The notion of a partial action can be specified to several different contexts. For example, to define a partial action of a (discrete) group G on a topological space X, we put the domains [X.sub.g] to be open subsets of X and the partially defined bijections [[alpha].sub.g] to be homeomorphisms. For the differentiable case, replace local homeomorphisms for local diffeomorphisms. The case where the group itself is a topological group or a Lie group is a bit more complicated and involves some additional conditions in order to establish that the domains are glued in a continuous/smooth manner. In the case of an action of a group G on an algebra A, we impose the domains [A.sub.g] to be ideals of A and the bijections [MATHEMATICAL EXPRESSION NOT REPRODUCIBLE IN ASCII] to be algebra isomorphisms. Along this text, we are restricting the discussion to the case of unital partial actions, that is, partial actions of groups on unital algebras in which the ideals [A.sub.g] are unital algebras , that is, they are written as [A.sub.g] = [1.sub.g]A for [1.sub.g] [member of] A being a central idempotent in A. Explicitly, as the isomorphisms [[alpha].sub.g] are unital, we have [[alpha].sub.g]([1.sub.g-1]) = [1.sub.g], for each g [member of] G.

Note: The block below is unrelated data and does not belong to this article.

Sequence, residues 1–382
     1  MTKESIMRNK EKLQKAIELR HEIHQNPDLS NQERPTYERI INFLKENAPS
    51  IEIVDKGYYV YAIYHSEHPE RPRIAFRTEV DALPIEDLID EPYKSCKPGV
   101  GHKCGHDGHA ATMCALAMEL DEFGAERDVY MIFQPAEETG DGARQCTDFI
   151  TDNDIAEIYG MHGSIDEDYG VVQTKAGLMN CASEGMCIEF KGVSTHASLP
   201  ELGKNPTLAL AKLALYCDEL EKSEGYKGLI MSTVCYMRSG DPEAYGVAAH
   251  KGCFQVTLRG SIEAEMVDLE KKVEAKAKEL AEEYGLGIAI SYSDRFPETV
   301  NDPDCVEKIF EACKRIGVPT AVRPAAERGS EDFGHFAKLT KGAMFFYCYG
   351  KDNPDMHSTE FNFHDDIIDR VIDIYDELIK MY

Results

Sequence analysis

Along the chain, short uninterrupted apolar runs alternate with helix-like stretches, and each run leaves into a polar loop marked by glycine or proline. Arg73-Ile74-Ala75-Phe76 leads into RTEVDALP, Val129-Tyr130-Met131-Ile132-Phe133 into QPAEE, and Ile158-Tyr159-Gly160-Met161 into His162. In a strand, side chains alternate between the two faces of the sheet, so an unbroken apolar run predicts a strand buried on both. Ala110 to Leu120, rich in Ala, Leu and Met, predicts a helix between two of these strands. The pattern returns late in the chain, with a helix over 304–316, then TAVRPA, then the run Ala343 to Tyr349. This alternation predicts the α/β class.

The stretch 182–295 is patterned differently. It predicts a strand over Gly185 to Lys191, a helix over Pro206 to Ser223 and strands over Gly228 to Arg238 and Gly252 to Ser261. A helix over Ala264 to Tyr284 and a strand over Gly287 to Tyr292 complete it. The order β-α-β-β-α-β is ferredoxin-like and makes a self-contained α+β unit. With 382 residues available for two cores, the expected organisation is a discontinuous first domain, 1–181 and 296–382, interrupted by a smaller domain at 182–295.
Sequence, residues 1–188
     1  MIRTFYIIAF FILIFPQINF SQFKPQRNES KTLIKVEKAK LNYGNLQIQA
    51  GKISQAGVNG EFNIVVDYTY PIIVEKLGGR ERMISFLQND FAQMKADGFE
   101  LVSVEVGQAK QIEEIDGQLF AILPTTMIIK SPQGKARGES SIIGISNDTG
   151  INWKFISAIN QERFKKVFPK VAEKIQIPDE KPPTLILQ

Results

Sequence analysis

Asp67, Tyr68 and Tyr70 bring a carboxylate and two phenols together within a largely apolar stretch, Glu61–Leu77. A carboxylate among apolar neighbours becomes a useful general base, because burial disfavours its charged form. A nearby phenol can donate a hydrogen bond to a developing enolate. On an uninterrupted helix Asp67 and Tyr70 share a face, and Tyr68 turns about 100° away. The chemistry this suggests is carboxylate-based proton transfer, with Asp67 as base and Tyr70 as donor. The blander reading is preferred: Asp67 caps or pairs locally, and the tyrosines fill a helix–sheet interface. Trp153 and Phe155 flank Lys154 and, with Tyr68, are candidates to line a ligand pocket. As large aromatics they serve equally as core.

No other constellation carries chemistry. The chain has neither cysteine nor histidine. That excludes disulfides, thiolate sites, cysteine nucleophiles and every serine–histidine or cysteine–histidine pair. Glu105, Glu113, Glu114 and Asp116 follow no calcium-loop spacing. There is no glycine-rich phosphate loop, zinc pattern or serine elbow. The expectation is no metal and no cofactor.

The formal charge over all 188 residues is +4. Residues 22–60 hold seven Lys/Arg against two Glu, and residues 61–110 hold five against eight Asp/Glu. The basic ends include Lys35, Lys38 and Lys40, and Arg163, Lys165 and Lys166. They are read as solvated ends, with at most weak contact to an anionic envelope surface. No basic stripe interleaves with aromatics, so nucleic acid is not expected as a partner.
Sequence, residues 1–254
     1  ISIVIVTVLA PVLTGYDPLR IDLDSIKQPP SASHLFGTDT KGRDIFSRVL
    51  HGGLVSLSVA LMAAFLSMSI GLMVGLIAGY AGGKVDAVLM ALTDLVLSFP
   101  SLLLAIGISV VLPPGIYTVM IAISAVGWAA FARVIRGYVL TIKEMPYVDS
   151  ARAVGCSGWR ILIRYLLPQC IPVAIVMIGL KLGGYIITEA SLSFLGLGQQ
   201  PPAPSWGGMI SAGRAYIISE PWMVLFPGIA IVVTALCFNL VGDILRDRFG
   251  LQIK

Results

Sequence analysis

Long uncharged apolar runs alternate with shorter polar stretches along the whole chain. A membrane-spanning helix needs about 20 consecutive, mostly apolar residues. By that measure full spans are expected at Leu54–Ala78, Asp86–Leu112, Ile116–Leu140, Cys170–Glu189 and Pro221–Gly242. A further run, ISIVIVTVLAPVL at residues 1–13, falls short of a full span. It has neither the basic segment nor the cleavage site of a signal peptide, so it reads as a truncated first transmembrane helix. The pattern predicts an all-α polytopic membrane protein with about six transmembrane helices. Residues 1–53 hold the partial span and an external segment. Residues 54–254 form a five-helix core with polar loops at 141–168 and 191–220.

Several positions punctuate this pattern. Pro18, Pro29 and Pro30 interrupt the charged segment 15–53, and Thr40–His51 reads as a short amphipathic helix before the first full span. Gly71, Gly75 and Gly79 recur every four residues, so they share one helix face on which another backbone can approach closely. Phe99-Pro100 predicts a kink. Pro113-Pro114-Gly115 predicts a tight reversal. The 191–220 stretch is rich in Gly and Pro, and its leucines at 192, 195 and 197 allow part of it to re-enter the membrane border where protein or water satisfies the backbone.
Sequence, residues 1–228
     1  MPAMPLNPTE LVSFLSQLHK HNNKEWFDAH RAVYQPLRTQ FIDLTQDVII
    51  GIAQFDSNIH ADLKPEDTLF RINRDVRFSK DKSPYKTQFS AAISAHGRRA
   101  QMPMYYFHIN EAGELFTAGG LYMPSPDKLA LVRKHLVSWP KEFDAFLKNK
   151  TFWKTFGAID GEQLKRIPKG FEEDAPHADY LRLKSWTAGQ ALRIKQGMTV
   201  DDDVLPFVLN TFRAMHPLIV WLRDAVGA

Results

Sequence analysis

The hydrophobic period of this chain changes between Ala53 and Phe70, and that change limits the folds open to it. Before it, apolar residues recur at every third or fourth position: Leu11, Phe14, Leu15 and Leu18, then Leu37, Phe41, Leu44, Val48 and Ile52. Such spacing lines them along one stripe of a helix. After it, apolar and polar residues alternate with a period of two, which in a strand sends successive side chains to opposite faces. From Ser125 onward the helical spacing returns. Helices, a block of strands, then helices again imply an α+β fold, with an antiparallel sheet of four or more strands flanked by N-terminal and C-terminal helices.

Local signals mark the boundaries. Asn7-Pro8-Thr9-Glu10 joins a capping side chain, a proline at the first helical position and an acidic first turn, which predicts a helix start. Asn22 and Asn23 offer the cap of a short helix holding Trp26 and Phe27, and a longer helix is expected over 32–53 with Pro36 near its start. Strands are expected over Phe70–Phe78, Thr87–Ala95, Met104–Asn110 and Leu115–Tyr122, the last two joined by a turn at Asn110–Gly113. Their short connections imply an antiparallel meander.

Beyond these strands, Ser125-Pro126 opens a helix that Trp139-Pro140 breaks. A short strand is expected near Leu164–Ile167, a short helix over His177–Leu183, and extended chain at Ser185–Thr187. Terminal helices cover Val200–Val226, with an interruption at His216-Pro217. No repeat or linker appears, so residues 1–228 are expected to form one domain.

Example 2.2. Consider G to be the additive group of integers, (Z,+), and define X as the subset of non-negative integers [Z.sub.+]. Then G acts partially on X by translations. Explicitly, for any n [less than or equal to] 0, we have the domains [X.sub.-n] = [Z.sub.+] and [X.sub.n] = {m [member of] [Z.sub.+] | m [less than or equal to] n}. The associated bijections are [[alpha].sub.n] : [X.sub.-n] [right arrow] [X.sub.n], [[alpha].sub.n](m) = m + n.

Example 2.3. [2] Consider a vector field v : X [right arrow] TX defined on a noncompact manifold X. The flow associated to v defines a partial action of the additive group (R, +) on X. Indeed, for each x [member of] X let [[gamma].sub.x] : ][a.sub.x], [b.sub.x][ [right arrow] X be the integral curve of the vector field v on x. By an integral curve, we mean that,

(i) 0 [member of]][a.sub.x],[b.sub.x][;

(ii) [[gamma].sub.x](0) = x;

(iii) [[gamma].sub.x](t) = v([[gamma].sub.x](t)), for t [member of]][a.sub.x],[b.sub.x][;

(iv) [[gamma].sub.x] is defined in its maximal interval ][a.sub.x], [b.sub.x][.

For each t [member of] R, we have the domain [X.sub.-t] = {x [member of] X | t [member of]][a.sub.x], [b.sub.x][} and the partially defined diffeomorphisms [[alpha].sub.t] : [X.sub.-t] [right arrow] [X.sub.t], [[alpha].sub.t](x) = [[gamma].sub.x](t).

Example 2.4. [51] Consider G = PSL(2, [??]) the group of complex projective transformations on the complex projective line [??][P.sup.1] [congruent to] [S.sup.2], and let X = [??] be the complex plane. The partial action is given by the fractional linear transformations on the complex plane, the so-called Mobius transformations. That is, for

[MATHEMATICAL EXPRESSION NOT REPRODUCIBLE IN ASCII]